Discussion on “economy in the operation of 55,000-volt insulators” (Crawford), Spokane, Wash., September 11, 1914. (see proceedings for August, 1914)
|Publisher:||IEEE - Institute of Electrical and Electronics Engineers, Inc.|
|Publication Date:||1 January 1915|
|Page(s):||155 - 160|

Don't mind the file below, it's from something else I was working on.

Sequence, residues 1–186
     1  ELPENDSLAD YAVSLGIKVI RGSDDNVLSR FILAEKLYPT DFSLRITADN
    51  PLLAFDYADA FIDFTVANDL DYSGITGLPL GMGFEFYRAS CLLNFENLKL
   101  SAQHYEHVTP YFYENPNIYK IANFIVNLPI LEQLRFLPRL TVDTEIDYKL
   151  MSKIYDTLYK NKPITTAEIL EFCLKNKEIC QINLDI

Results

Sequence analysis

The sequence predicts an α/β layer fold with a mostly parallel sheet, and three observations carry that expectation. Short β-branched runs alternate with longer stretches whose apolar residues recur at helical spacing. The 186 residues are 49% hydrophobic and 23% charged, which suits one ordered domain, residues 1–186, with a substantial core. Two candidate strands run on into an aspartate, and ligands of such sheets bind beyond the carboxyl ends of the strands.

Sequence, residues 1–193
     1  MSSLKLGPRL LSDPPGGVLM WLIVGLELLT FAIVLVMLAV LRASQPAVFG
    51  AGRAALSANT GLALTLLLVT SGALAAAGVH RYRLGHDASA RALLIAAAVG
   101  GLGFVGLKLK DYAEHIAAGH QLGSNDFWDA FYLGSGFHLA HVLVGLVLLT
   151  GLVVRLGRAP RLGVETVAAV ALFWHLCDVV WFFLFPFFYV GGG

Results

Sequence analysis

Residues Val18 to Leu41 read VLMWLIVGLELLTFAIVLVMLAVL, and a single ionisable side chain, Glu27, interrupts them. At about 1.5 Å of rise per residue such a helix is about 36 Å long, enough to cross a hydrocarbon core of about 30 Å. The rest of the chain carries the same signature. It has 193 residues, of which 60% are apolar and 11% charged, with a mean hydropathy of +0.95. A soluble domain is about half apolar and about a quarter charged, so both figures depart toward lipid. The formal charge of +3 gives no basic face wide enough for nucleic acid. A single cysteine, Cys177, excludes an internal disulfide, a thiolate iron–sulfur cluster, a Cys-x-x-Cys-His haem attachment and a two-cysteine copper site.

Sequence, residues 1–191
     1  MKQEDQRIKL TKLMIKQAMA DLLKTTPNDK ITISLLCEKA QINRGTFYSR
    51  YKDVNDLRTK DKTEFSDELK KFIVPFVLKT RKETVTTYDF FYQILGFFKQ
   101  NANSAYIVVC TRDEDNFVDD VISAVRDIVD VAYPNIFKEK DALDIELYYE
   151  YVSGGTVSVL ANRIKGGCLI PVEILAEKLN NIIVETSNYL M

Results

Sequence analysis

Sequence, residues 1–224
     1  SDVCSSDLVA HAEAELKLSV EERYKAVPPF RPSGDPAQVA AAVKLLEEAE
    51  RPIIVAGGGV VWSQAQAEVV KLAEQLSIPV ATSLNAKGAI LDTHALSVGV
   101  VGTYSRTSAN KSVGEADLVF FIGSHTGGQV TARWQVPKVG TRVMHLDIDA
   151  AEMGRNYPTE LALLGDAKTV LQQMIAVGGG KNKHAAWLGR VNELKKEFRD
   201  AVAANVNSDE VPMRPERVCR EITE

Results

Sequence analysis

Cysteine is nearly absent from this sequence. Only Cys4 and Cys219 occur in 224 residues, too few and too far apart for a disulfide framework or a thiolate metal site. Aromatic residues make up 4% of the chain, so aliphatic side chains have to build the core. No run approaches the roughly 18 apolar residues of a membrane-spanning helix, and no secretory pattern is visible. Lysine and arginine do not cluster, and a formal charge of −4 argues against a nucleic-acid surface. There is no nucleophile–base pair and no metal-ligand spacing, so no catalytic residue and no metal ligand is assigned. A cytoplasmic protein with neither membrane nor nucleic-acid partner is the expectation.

J. Harisberger: What brought about the development of testing insulators as mentioned in the paper, was a severe storm in the Puget Sound district last winter, causing a number of breaks in our transmission line where it goes through heavily timbered country, these breaks causing arcing grounds and breaking down insulators all over the system. We had been very proud of our record of uninterrupted service, and this trouble set me to thinking about aging of porcelain that has been so much discussed recently. I have been unwilling to admit to myself that there is such a thing as the aging of porcelain, and I do not believe it now. Last spring I made a trip down the Coast to visit operating companies that have been operating lines of 50,000 volts or over for some time, to get what information I could as to their experience. I visited eight companies and found but one man who was positive that porcelain deteriorated and gradually lost its dielectric strength. I found that the experiences of most of the companies visited were quite similar to our own. The porcelain of some of the insulators in service five to six years, on close examination, showed a mottled surface similar to that of Dedham china ware. On breaking the insulator, discoloration of the cracks to a depth of one-quarter of an inch was occasionally found. There is no doubt that this condition cuts down the insulating quality of the porcelain and these insulators should be weeded out before they are broken down by some disturbance on the system. During my absence, Mr. Crawford developed the method as outlined in this paper for locating such insulators. I believe that everyone having had experience in the operating of high-voltage transmission lines will agree with me that high-frequency disturbances such as are caused by arcing grounds, etc., are most to be dreaded. While in California, I spent half a day with Professor Ryan, of Stanford University, who showed me a practical demonstration as to what high-frequency currents will do. An insulator that would show practically no distress at 150,000 volts at 60 cycles, would be punctured in a few seconds when subjected to over 100,000 cycles and not over 25,000 volts.